I ordered some steak fajitas, and they were subpar, but I scarfed them down ravenously, and then ordered more. I hadn’t realized how hungry I actually was.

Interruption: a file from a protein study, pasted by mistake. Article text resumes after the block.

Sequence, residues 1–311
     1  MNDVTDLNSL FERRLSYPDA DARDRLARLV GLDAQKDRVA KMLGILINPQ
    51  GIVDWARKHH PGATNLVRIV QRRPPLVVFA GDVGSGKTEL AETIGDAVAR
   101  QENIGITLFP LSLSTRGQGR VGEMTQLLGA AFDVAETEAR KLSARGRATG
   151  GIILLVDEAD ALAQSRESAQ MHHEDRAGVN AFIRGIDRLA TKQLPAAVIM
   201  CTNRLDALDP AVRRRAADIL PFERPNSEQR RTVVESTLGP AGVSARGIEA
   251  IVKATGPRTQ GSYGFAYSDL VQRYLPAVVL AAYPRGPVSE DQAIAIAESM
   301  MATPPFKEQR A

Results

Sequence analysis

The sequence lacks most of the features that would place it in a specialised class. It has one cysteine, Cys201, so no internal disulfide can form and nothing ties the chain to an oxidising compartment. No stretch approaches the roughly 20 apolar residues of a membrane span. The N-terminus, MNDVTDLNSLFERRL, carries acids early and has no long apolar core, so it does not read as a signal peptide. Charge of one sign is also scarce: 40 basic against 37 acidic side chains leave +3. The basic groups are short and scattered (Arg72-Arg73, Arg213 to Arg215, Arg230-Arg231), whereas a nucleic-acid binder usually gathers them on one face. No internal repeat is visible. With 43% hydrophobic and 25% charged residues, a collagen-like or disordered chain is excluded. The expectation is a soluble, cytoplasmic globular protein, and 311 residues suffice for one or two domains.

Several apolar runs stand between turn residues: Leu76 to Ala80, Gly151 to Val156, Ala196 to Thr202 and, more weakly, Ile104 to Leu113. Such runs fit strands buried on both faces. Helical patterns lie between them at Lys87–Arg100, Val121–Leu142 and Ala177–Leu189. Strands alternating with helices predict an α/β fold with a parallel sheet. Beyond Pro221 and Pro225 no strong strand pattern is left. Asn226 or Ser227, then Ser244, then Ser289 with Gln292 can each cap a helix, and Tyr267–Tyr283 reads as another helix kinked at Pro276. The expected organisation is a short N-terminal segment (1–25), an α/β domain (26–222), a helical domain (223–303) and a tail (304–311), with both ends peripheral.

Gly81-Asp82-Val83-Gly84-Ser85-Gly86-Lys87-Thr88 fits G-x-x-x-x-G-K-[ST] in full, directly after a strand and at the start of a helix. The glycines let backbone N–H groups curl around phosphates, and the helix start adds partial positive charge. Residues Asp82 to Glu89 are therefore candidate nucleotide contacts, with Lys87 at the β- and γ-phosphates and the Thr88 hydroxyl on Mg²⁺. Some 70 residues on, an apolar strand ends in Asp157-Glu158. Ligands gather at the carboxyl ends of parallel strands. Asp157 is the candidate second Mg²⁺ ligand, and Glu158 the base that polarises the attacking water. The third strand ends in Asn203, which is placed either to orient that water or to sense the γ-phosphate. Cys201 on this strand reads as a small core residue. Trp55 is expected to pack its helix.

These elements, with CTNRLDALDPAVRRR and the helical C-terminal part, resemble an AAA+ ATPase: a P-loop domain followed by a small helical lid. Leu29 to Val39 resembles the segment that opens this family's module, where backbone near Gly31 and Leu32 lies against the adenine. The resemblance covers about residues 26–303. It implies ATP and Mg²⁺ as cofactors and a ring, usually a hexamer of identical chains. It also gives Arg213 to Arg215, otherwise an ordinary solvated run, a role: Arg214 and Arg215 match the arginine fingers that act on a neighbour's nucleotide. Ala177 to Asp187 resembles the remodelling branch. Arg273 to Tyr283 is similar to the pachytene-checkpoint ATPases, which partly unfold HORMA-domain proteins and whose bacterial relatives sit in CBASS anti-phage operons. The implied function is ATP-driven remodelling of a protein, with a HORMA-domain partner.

When I was finished, I paid for my food, returned to the hotel, and checked in. The lady at the front desk gave me my key card, and I took the elevator up to the fifth floor. I let myself into my room, set my backpack down on the floor just inside the door, put my hands on my hips, and looked around. There walls were beige, and there was dingy rust-colored carpet covering the floor. There was a large window on the wall directly across from where I stood, and the curtains were open. I walked between the large wooden desk and the king-sized bed, coming to stand in front of the window, with my hands resting on the sill. I barely gave the hotel pool or the parking lot or the restaurants and various stores across the street a passing glance. In spite of myself, my eyes were drawn to the distant mountain peaks.